Dunkle v. Kitsap County Sherriffs Office Jail et al

Filing 10

ORDER TO FILE AN AMENDED COMPLAINT signed by Judge Karen L Strombom. Mr. Dunkle has until November 14, 2014, to file his amended complaint. If Mr. Dunkle does not file an amended complaint the undersigned will recommend dismissal of this action for failure to prosecute.(MET) cc: plaintiff w/complaint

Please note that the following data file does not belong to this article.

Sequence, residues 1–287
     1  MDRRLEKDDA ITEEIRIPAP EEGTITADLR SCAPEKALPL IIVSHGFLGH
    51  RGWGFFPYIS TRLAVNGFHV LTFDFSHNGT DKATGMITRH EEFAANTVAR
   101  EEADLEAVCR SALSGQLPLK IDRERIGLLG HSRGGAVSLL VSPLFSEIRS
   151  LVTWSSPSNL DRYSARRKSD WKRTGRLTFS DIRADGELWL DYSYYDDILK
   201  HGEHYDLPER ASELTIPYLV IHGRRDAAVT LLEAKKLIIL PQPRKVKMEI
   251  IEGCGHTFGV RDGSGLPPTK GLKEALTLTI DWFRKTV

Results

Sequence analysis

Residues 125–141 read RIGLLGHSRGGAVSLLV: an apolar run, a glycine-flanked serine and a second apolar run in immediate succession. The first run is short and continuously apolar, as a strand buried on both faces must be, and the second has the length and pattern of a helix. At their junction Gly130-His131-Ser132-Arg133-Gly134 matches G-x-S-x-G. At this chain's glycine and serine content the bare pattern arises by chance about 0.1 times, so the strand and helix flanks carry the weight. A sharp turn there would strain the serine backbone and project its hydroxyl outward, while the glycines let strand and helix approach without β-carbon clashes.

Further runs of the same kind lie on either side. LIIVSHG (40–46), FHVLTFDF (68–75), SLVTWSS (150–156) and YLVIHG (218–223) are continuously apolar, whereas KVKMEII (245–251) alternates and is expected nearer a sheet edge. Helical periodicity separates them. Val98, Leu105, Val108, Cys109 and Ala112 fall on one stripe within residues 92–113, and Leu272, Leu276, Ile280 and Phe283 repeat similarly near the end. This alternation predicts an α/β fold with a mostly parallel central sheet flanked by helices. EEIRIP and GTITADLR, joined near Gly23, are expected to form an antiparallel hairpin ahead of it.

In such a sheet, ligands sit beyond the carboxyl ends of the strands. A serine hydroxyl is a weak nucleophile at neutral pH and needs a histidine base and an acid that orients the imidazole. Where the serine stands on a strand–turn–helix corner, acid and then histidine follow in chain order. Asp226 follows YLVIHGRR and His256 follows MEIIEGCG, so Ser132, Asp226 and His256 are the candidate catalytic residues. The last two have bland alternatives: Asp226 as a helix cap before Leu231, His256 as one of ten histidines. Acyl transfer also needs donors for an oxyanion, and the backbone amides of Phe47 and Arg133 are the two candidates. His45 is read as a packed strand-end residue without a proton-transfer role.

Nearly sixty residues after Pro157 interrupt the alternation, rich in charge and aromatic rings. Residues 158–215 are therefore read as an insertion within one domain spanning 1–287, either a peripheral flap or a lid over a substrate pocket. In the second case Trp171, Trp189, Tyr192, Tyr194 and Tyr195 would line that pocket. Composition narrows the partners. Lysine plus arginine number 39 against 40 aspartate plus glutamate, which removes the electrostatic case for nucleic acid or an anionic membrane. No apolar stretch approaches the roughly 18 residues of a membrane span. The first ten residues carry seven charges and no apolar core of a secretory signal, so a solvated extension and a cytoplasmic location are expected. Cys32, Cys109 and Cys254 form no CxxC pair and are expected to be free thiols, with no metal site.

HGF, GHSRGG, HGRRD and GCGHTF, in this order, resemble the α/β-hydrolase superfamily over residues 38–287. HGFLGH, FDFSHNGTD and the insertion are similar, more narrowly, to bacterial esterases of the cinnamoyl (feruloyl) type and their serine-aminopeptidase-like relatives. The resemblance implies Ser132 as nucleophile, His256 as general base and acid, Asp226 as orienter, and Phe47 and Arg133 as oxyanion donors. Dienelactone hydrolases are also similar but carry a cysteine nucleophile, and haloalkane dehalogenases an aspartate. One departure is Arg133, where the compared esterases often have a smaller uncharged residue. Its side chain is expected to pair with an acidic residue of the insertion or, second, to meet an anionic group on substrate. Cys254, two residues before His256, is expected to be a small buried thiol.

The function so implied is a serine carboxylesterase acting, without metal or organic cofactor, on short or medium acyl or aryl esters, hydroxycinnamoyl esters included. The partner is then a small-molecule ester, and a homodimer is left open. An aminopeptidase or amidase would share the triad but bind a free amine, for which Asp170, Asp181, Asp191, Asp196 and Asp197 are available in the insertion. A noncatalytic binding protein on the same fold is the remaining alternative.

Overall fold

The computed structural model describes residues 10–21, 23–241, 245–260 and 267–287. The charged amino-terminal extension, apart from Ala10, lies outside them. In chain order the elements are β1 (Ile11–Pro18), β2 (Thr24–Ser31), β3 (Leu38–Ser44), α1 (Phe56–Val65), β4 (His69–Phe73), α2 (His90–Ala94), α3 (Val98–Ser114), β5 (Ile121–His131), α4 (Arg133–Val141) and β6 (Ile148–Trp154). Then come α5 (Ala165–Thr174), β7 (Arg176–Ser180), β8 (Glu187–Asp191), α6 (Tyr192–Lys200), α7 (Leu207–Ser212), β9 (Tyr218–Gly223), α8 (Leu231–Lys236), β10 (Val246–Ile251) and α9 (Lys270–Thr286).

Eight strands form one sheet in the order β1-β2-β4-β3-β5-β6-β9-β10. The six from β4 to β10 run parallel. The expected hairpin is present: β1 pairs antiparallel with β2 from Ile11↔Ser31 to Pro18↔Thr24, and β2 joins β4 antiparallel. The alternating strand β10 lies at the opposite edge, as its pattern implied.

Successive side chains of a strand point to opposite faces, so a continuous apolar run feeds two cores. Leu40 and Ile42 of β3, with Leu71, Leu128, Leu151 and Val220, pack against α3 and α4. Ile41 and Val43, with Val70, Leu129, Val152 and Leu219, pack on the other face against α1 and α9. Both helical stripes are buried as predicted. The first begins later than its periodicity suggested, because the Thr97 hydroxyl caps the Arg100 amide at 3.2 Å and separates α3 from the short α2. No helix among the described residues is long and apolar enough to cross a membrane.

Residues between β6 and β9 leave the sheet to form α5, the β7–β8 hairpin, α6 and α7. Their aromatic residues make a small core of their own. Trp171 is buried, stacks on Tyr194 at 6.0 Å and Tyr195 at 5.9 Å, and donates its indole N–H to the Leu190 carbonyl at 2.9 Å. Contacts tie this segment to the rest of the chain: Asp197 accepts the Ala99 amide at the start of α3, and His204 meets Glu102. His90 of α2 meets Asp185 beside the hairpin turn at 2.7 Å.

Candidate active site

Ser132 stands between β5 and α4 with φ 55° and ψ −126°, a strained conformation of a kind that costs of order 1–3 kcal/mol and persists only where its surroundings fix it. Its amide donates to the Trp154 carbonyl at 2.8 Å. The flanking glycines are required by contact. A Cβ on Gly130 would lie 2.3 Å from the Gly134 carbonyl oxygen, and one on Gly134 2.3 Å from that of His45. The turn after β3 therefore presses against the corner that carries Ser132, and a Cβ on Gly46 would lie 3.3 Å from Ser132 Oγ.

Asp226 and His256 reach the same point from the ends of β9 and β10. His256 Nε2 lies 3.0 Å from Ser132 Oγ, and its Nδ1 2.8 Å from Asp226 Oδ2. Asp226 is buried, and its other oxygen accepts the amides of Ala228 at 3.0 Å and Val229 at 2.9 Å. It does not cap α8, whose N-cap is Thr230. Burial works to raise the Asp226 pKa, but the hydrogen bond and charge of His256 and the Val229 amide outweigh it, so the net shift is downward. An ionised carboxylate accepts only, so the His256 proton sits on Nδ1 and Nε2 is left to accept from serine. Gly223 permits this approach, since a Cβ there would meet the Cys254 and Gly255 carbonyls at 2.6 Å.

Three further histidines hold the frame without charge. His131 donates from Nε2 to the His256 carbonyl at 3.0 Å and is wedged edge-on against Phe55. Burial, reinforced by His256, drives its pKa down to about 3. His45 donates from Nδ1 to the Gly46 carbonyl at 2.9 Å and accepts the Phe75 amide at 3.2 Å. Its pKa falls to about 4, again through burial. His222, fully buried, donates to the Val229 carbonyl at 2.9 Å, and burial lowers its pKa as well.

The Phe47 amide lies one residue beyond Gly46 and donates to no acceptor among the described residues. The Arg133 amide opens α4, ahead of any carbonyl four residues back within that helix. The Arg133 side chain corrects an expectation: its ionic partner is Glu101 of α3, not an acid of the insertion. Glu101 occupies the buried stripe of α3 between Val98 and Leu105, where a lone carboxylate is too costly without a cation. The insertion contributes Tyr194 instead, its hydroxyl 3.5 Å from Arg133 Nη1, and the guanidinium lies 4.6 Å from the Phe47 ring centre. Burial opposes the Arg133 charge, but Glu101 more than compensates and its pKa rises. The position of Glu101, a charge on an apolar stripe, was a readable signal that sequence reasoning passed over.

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1 2 3 4 5 UNITED STATES DISTRICT COURT WESTERN DISTRICT OF WASHINGTON AT TACOMA 6 7 8 JEROME MOJECA DUNKLE, Plaintiff, 9 ORDER TO FILE AN AMENDED COMPLAINT v. 10 11 12 CASE NO. C14-5642 RBL-KLS KITSAP COUNTY SHERRIFFS OFFICE JAIL, DEPUTY SHERRIFF RASH, Defendant. 13 14 Mr. Dunkle’s complaint is before the Court for screening review pursuant to 28 U.S.C. 15 1915A. Dkt. 9. The complaint has several defects and Mr. Dunkle will need to file an amended 16 complaint. Mr. Dunkle alleges that while he was in the Kitsap County Jail he was repeatedly 17 “tazed” by several sheriff deputies and Mr. Dunkle alleges that he suffers from physical and 18 mental injuries as a result of being “tazed.” Dkt. 9. 19 Naming the Kitsap County Sheriff’s Office and jail as defendants is the first defect. 20 Neither a sheriff’s department nor a jail can be sued in a civil rights action. The Civil Rights 21 Act, 42 U.S.C. § 1983, allows for suit against a person acting under the color of state law who 22 deprives someone of rights, privileges or immunities secured by the constitution or laws of the 23 United States. Parratt v. Taylor, 451 U.S. 527, 535, (1981) (overruled in part on other grounds); 24 Daniels v. Williams, 474 U.S. 327, 330-31, (1986). ORDER TO FILE AN AMENDED COMPLAINT 1 1 The Civil Rights Act, 42 U.S.C. § 1983 applies to actions of “persons” acting under color 2 of state law. The language of §1983 is expansive, and it does not expressly incorporate common 3 law immunities. Owen v. City of Independence, Mo, 445 U.S. 622, 627 (1980). Municipalities 4 are subject to suit under § 1983. Monell v. New York City Dept. of Social Services, 436 U.S. 658, 5 690 (1978). However, “[i]n order to bring an appropriate action challenging the actions, policies 6 or customs of a local governmental unit, a plaintiff must name the county or city itself as a party 7 to the action, and not the particular municipal department or facility where the alleged violation 8 occurred. See Nolan v. Snohomish County, 59 Wash. App. 876, 883, 802 P.2d 792, 796 (1990).” 9 Bradford v. City of Seattle, 557 F. Supp.2d 1189, 1207 (W.D. Wash. 2008)(holding that the 10 Seattle Police Department is not a legal entity capable of being sued under 42 U.S.C. § 1983). 11 Thus, if Mr. Dunkle believes that his injuries are the result of Kitsap County policy or 12 custom then the proper defendant would be Kitsap County. In order to set forth a claim against a 13 municipality under § 1983, a plaintiff must show that defendant’s employees or agents acted 14 through an official custom, pattern or policy that permits deliberate indifference to, or violates, 15 plaintiff’s civil rights; or that the entity ratified the unlawful conduct. See Monell v. Department 16 of Social Services, 436 U.S. 658, 690-91 (1978); Larez v. City of Los Angeles, 946 F.2d 630, 17 646-47 (9th Cir. 1991). 18 To establish municipal liability under § 1983, a plaintiff must show (1) deprivation of a 19 constitutional right; (2) that the municipality has a policy; (3) the policy amounts to deliberate 20 indifference to plaintiff's constitutional rights; and (4) the policy is the moving force behind the 21 constitutional violation. See Oviatt v. Pearce, 954 F.2d 1470, 1474 (9th Cir. 1992). The 22 Supreme Court has emphasized that the unconstitutional acts of a government agent cannot, 23 standing alone, lead to municipal liability; there is no respondeat superior liability under § 1983. 24 Monell v. New York City Dept. of Social Services, 436 U.S. 658, 692 (1978). A municipality ORDER TO FILE AN AMENDED COMPLAINT 2 1 may only be liable if its policies are the ‘“moving force [behind] the constitutional violation.’” 2 City of Canton v. Harris, 489 U.S. 378, 389 (1989), (quoting Monell at 694). 3 A municipality will not be liable for acts of negligence by employees of the jail or for an 4 unconstitutional act by a non policy-making employee. Davis v. City of Ellensburg, 869 F.2d 5 1230, 1234-35 (9th Cir. 1989). Evidence of mistakes by adequately trained personnel or the 6 occurrence of a single incident of unconstitutional action by a non-policy-making employee is 7 not sufficient to show the existence of an unconstitutional custom or policy. Thompson v. City of 8 Los Angeles, 885 F.2d 1439, 1444 (9th Cir. 1989). If on the other hand Mr. Dunkle does not 9 believe that custom or policy is at issue then he would need to name the individual deputies 10 whom he alleges “tazed” him. 11 The second defect in Mr. Dunkle’s complaint is the relief requested. Dkt. 9. Mr. Dunkle 12 asks that criminal charges be dropped or sentences reduced. Dkt. 9, p. 3. If a plaintiff is 13 challenging the very fact or duration of physical imprisonment, and the relief sought will 14 determine whether plaintiff is or was entitled to immediate release or a speedier release from that 15 imprisonment, plaintiff’s sole federal remedy is a writ of habeas corpus. Preiser v. Rodriguez, 16 411 U.S. 475, 500 (1973). 17 The United States Supreme Court held that “[e]ven a prisoner who has fully exhausted 18 available state remedies has no cause of action under § 1983 unless and until the conviction or 19 sentence is reversed, expunged, invalidated, or impugned by the grant of a writ of habeas 20 corpus.” Heck v. Humphrey, 512 U.S. 477, 487 (1994). The Court added: 21 22 Under our analysis the statute of limitations poses no difficulty while the state challenges are being pursued, since the § 1983 claim has not yet arisen. . . . [A] § 1983 cause of action for damages attributable to an unconstitutional conviction or sentence does not accrue until the conviction or sentence has been invalidated. 23 24 ORDER TO FILE AN AMENDED COMPLAINT 3 1 Id. at 489. “[T]he determination whether a challenge is properly brought under § 1983 must be 2 made based upon whether ‘the nature of the challenge to the procedures [is] such as necessarily 3 to imply the invalidity of the judgment.’ Id. If the court concludes that the challenge would 4 necessarily imply the invalidity of the judgment or continuing confinement, then the challenge 5 must be brought as a petition for a writ of habeas corpus, not under § 1983.” Butterfield v. Bail, 6 120 F.3d 1023, 1024 (9th Cir. 1997) (quoting Edwards v. Balisok, 520 U.S. 641 (1997)). Mr. 7 Dunkle may not seek to have charges dismissed or sentences shortened in a civil rights action. 8 The third defect in the complaint is the statement of the claim. Dkt. 9, pp 6-17. Mr. 9 Dunkle states that after his arrest, while in the county jail, several deputies “tazed” him, but he 10 does not name the deputies involved. Further, Mr. Dunkle does not state when this incident 11 occurred. A complaint needs to contain a short plain statement of facts explaining who did 12 something to plaintiff, when the actions occurred, and what constitutional right was violated by 13 that defendant’s action. The defendant must be a person acting under color of state law, and his 14 conduct must have deprived the plaintiff of rights, privileges or immunities secured by the 15 Constitution or laws of the United States. Parratt v. Taylor, 451 U.S. 527, 535 (1981), overruled 16 in part on other grounds, Daniels v. Williams, 474 U.S. 327, 330-31 (1986). Implicit in the 17 conduct element is a third element of causation. See Mt. Healthy City School Dist. v. Doyle, 429 18 U.S. 274, 286-87, (1977); Flores v. Pierce, 617 F.2d 1386, 1390-91 (9th Cir. 1980), cert. denied, 19 449 U.S. 975 (1980). When a plaintiff fails to allege or establish one of the elements, his 20 complaint must be dismissed. 21 Accordingly the undersigned orders: 22 1. The Clerk’s Office send Mr. Dunkle a new prisoner civil rights form. 23 2. Mr. Dunkle fill out the form and call the complaint his “First Amended Complaint.” 24 ORDER TO FILE AN AMENDED COMPLAINT 4 1 3. This complaint will act as a complete substitute for the original and not as a supplement. 4. Mr. Dunkle has until November 14, 2014, to file his amended complaint. If Mr. Dunkle does not file an amended complaint the undersigned will recommend dismissal of this action for failure to prosecute. 5. Failure to file an amended complaint that cures the defects in the original may result in the undersigned filing a Report and Recommendation that this action be dismissed for failure to comply with a court order. 2 3 4 5 6 7 DATED this 20th day of October, 2014. A 8 9 Karen L. Strombom United States Magistrate Judge 10 11 12 13 14 15 16 17 18 19 20 21 22 23 24 ORDER TO FILE AN AMENDED COMPLAINT 5